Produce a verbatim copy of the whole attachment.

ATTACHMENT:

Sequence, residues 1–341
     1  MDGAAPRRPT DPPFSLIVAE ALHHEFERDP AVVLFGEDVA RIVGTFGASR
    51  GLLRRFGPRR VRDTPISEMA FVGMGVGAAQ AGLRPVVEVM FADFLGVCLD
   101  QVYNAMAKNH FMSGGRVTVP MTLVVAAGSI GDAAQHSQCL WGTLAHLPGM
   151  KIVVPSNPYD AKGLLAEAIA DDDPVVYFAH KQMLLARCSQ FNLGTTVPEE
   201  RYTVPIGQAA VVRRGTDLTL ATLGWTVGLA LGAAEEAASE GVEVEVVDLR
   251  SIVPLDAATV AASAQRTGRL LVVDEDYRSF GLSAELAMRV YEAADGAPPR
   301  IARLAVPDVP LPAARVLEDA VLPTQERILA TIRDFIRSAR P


Sequence, residues 1–341
     1  MDGAAPRRPT DPPFSLIVAE ALHHEFERDP AVVLFGEDVA RIVGTFGASR
    51  GLLRRFGPRR VRDTPISEMA FVGMGVGAAQ AGLRPVVEVM FADFLGVCLD
   101  QVYNAMAKNH FMSGGRVTVP MTLVVAAGSI GDAAQHSQCL WGTLAHLPGM
   151  KIVVPSNPYD AKGLLAEAIA DDDPVVYFAH KQMLLARCSQ FNLGTTVPEE
   201  RYTVPIGQAA VVRRGTDLTL ATLGWTVGLA LGAAEEAASE GVEVEVVDLR
   251  SIVPLDAATV AASAQRTGRL LVVDEDYRSF GLSAELAMRV YEAADGAPPR
   301  IARLAVPDVP LPAARVLEDA VLPTQERILA TIRDFIRSAR P